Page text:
My boys go to a club at church called AWANA and one of the activities they enjoy the most is the annual pine car derby, with this year’s being held tomorrow night. It always proves to be a great time when fathers, (and mothers too), get to act just like the kids, watching their cars race down the track.
The photos you see here are the creations my boys and I have come up with over the past few years. The last two years I did most of the work on their cars while they instructed me on how they wanted them to look. This year I took a different approach. I really wanted them to have more of the hands on building with me being there to help them as necessary and to make sure fingers didn’t get cut off in the process.
If you’ve never been introduced to building one of these, the basics are as follows: You start with a block of pine that measures approximately 7(l) x 1 ¾(w) x 1 ¾(h) inches. You are also given four plastic wheels and four metal axles. From here you are allowed to make any type of design you want as long as the overall weight doesn’t exceed 5oz.
So equipped with our car kits, a lot of imagination and a good amount of enthusiasm, the boys and I headed to the “body shop” otherwise known as the garage. After they decided on their design it was time to break out the power tools. (Insert a Tim Taylor grunting sound here). Tool number one would be the band saw. They held the block of wood and guided the blade along the lines they had traced while I kept my hands on top of theirs.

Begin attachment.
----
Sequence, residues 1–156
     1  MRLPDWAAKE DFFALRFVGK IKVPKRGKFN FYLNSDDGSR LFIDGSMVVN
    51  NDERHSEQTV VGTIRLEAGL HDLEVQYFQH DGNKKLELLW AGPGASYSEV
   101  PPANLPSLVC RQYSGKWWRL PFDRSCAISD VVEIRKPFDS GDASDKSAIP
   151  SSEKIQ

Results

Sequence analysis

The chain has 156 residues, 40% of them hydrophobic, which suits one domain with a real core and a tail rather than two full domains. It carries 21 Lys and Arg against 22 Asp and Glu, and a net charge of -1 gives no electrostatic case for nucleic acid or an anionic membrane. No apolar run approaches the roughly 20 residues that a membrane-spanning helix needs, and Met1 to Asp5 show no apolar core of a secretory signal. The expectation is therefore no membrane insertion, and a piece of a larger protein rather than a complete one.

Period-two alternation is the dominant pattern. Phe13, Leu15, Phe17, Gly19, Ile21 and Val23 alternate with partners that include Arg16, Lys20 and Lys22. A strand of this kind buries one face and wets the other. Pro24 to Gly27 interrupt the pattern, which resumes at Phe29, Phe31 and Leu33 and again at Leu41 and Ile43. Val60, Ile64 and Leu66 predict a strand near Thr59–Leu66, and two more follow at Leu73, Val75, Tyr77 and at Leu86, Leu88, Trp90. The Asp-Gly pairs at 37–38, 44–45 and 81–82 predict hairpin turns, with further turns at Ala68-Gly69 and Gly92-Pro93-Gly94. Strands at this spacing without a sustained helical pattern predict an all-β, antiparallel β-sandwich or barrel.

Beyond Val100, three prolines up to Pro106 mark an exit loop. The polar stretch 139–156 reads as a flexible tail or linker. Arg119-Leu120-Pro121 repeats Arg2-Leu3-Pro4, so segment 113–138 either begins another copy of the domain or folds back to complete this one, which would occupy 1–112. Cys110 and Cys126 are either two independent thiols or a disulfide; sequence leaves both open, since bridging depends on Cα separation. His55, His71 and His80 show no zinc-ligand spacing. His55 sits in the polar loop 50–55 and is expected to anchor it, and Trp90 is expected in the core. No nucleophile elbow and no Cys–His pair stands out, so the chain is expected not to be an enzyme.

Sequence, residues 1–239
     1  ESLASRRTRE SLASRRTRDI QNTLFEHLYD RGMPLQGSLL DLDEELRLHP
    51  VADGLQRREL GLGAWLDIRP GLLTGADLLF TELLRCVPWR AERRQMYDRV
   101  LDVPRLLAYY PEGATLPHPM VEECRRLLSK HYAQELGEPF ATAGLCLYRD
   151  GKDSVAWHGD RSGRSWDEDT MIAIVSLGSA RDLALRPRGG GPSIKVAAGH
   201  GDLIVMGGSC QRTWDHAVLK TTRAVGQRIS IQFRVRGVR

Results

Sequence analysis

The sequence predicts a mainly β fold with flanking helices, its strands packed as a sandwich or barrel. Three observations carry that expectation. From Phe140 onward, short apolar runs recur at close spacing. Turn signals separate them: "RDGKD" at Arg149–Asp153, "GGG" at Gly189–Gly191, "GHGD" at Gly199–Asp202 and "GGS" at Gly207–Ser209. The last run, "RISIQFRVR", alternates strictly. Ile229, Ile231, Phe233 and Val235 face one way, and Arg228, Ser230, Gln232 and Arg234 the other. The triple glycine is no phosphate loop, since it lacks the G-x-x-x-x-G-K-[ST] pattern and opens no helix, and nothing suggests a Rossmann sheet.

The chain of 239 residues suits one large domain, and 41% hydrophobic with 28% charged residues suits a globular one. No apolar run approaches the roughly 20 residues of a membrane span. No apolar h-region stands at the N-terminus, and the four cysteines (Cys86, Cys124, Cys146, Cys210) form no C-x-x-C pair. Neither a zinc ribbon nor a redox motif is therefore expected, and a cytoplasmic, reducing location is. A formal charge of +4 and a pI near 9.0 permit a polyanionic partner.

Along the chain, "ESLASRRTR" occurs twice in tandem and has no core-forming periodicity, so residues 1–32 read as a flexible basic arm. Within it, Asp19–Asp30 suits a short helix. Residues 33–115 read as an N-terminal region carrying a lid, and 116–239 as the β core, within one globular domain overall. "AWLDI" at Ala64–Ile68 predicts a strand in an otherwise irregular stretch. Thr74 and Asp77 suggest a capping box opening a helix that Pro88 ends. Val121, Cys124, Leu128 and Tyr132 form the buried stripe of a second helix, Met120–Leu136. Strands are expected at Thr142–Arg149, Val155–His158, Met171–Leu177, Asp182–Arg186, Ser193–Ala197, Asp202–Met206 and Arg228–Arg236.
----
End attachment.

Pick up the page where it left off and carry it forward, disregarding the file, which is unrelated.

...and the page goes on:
Mission accomplished…both cars got cut out and everyone had the same amount of fingers as when the evening began. Next up, the belt and disc sander. I once again helped them safely learn how to use the sander to smooth out the rough cuts from the saw.
Time to paint. They both decided to start with gloss black. I think my youngest would have picked sky-blue pink with purple polka dots if that had been the color his brother picked. Being the youngest of three boys I can totally relate to this. I always wanted to be cool like my big brothers. Well, this signalled the end of evening number one and the most difficult part for them. Waiting for the paint to dry.
Night number two consisted of helping them add racing stripes, apply decals and paint things such as, windows, doors, and lights. We then glued the axels in place and applied a liberal amount of graphite to the wheels so they will (hopefully) zip down the track.
This was definitely one of those proud papa moments when my boys and I could bond while playing in the garage.